U.S. Rep. Tulsi Gabbard took to the House floor Tuesday to call for a major change in controlled substances.

She urged Congress to pass legislation to federally decriminalize marijuana.

If passed, the Ending Federal Marijuana Prohibition Act (H.R. 1227) “would take marijuana off the federal controlled substances list — joining other industries such as alcohol and tobacco,” according to Gabbard’s office.

Gabbard introduced the legislation with Rep. Tom Garrett (VA-05), an Army veteran and former prosecutor.  

Here’s what she had to say in a press release about the bill:

Our outdated policies on marijuana are having devastating ripple effects on individuals and communities across the country. They have turned everyday Americans into criminals, torn apart families, and wasted huge amounts of taxpayer dollars to arrest, prosecute, and incarcerate people for nonviolent marijuana charges.

“Differences in state and federal law have also created confusion and uncertainty for our local businesses, who face contradictory regulations that affect their bottom line and ability to operate. I urge our colleagues to support our bipartisan legislation which would decriminalize marijuana, bringing about long overdue and common sense reform.”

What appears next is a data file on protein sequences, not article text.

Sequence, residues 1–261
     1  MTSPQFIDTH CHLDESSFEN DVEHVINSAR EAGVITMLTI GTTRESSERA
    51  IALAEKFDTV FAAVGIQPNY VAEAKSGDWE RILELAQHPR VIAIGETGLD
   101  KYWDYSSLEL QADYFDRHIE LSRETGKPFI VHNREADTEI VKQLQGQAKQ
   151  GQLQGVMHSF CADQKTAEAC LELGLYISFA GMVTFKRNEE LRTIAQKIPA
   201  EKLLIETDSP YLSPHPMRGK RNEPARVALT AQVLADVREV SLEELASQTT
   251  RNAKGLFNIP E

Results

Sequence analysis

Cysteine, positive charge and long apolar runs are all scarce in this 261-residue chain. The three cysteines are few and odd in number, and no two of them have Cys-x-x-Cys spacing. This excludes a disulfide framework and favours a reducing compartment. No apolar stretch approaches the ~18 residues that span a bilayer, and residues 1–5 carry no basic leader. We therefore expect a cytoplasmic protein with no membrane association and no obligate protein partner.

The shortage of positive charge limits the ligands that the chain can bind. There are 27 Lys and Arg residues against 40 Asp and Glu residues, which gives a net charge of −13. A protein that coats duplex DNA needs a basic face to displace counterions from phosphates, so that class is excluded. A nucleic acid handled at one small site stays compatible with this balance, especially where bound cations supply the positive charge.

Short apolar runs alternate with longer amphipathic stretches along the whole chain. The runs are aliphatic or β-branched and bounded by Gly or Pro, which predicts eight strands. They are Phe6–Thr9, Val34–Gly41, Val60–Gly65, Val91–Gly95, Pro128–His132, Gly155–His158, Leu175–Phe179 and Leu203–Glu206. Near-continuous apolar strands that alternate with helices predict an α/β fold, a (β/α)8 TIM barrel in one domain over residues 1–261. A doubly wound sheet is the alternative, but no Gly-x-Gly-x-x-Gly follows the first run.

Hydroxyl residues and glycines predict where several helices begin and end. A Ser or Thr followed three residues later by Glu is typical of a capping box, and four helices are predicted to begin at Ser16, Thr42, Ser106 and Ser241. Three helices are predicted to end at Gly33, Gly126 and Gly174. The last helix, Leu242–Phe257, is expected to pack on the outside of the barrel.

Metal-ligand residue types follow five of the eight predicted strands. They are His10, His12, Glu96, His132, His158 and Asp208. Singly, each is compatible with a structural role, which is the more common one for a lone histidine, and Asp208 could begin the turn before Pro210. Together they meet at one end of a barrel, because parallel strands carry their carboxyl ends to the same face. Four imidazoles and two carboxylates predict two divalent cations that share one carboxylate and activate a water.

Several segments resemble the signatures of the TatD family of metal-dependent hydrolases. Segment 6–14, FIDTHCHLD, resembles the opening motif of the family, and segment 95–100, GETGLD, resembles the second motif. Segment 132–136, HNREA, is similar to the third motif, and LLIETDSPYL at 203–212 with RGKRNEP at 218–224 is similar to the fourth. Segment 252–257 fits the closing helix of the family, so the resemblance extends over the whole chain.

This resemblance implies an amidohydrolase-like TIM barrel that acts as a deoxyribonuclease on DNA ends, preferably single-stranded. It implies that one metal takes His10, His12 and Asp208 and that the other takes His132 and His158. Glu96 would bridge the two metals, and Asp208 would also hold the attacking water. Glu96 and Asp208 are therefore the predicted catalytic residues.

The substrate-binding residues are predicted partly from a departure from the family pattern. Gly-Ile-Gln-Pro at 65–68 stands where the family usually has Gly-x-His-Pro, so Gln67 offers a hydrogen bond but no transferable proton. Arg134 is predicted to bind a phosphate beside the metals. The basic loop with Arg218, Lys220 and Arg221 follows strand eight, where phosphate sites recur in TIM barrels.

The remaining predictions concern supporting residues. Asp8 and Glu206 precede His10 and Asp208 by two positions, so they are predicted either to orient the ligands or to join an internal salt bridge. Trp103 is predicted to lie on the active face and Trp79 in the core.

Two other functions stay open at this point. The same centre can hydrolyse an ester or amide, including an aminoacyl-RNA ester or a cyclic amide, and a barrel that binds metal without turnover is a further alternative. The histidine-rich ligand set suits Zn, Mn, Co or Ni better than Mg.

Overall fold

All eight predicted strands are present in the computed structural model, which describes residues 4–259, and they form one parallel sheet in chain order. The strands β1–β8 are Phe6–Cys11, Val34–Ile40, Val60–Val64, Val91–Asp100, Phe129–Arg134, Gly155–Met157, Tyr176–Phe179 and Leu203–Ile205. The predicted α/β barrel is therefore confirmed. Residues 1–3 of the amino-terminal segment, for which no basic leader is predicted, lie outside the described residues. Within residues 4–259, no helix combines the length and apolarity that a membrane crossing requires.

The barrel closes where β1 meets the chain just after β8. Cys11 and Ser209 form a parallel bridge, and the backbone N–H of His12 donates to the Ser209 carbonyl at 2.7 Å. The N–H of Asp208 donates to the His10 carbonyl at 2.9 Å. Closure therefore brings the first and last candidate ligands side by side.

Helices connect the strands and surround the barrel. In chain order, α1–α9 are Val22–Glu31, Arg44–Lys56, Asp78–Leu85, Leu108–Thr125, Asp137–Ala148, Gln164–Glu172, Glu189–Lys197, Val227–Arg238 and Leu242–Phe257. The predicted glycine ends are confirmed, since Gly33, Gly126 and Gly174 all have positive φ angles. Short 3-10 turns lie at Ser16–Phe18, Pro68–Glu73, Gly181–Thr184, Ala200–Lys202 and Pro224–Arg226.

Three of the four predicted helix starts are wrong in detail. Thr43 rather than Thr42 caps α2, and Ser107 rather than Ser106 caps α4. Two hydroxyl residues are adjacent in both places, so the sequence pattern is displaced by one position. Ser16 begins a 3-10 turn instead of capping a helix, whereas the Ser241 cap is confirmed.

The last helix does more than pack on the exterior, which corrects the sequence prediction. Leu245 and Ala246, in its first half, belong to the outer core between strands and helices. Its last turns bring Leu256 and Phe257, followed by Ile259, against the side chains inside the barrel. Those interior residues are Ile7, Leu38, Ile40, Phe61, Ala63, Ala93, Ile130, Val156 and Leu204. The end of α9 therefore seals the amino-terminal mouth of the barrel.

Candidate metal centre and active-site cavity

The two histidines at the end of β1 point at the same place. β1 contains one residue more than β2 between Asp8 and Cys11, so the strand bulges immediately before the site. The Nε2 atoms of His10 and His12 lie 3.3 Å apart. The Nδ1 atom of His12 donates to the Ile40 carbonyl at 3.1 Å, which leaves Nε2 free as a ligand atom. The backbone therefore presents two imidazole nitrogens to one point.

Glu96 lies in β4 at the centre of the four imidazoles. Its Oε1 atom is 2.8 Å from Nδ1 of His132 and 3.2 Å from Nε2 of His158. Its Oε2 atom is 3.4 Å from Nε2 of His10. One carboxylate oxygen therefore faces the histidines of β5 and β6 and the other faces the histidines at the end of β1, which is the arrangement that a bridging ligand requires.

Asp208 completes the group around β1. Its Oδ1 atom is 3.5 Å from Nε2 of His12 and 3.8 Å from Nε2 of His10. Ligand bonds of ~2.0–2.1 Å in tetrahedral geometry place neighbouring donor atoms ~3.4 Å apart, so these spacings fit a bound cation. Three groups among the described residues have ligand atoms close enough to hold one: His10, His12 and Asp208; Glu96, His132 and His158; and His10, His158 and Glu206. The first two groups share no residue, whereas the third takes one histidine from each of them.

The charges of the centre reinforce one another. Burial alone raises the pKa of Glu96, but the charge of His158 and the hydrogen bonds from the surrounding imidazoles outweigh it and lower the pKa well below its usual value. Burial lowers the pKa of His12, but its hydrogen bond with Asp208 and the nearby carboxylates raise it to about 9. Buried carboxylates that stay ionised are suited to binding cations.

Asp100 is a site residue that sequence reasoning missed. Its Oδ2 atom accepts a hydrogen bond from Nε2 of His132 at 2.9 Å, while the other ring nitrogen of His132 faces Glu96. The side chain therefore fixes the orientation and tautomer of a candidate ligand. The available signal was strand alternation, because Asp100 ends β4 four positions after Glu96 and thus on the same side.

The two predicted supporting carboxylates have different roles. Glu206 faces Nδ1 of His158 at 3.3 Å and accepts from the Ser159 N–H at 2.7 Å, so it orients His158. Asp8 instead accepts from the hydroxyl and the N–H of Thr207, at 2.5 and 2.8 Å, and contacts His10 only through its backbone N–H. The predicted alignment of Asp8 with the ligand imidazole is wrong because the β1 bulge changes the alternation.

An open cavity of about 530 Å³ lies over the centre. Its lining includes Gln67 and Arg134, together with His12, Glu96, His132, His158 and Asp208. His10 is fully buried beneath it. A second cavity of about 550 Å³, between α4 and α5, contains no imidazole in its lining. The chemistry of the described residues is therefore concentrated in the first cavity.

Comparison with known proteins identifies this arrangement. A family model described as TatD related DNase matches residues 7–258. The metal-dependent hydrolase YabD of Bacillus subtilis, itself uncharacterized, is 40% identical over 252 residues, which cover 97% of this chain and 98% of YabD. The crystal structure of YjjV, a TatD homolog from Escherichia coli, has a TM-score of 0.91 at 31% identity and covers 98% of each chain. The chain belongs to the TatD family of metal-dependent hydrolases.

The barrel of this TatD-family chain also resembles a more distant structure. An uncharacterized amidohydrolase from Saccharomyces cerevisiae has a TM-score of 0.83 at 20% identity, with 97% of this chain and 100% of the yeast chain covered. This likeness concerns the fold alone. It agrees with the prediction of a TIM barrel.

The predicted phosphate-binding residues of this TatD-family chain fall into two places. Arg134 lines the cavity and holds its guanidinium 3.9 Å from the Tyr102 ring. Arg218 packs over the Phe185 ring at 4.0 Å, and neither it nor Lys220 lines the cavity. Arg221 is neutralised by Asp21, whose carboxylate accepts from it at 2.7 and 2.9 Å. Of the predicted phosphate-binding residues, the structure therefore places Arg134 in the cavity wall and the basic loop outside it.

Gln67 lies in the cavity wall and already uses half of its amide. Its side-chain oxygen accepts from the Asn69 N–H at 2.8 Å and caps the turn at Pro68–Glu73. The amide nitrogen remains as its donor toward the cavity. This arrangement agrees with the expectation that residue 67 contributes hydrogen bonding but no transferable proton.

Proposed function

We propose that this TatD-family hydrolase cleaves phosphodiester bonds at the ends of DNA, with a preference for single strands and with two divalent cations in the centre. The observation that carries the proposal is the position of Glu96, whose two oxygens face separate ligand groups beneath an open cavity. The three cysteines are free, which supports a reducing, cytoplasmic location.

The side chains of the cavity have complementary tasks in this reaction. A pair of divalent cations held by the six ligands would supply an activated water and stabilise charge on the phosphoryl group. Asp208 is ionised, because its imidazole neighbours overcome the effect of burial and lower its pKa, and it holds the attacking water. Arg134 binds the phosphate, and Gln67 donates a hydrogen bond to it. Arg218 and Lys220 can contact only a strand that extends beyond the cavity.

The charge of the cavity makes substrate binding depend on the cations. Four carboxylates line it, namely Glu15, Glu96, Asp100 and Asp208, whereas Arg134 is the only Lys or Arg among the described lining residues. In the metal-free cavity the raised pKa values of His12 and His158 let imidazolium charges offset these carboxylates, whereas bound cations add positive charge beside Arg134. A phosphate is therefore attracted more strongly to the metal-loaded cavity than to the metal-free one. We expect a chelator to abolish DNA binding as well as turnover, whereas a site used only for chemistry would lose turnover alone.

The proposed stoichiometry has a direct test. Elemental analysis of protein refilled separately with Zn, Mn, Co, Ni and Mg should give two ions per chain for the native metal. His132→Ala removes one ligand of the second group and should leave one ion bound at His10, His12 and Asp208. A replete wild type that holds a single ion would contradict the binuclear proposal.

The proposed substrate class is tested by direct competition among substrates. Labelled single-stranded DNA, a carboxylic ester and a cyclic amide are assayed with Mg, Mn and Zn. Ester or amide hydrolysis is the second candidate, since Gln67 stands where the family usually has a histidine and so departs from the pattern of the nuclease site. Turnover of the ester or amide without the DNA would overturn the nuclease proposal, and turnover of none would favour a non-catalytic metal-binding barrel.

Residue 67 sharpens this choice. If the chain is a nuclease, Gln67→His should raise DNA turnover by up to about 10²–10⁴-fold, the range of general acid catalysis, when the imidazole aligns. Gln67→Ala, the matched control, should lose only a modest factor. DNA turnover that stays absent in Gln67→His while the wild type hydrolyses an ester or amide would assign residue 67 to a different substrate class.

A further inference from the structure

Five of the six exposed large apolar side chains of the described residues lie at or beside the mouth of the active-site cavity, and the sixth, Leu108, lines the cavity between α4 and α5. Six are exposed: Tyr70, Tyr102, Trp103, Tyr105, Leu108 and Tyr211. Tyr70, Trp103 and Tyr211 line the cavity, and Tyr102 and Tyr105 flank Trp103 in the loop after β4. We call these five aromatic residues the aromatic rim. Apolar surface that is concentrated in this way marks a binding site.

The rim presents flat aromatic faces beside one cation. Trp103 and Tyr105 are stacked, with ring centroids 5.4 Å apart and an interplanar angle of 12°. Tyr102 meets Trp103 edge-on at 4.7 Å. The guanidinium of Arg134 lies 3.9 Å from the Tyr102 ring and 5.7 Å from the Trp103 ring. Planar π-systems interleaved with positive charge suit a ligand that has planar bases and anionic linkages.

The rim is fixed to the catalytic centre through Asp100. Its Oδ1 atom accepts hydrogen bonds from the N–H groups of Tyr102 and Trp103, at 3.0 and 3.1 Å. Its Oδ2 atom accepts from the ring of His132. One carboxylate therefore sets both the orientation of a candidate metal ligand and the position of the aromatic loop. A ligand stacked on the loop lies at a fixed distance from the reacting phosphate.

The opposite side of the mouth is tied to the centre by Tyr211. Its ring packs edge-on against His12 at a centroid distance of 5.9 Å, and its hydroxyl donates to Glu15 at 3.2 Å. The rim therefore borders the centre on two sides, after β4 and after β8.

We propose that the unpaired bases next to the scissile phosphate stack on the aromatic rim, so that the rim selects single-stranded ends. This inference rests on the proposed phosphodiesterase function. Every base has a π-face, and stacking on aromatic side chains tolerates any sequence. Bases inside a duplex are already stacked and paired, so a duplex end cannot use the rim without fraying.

Gabbard’s office said she “supports the full legalization of marijuana on the federal level as part of her overall effort toward criminal justice reform.”

The press release included praise for Gabbard’s bill from several Hawaii folks.

As long as marijuana is federally illegal, FDIC regulations make it impossible for banks to provide any services to the eight Hawaii Medical Marijuana Dispensary licensees,” said Richard Ha, CEO of Lau Ola, a medical marijuana dispensary on the Big Island. “Federal decriminalization will enable professional dispensaries to provide much needed patient access and cost savings.”

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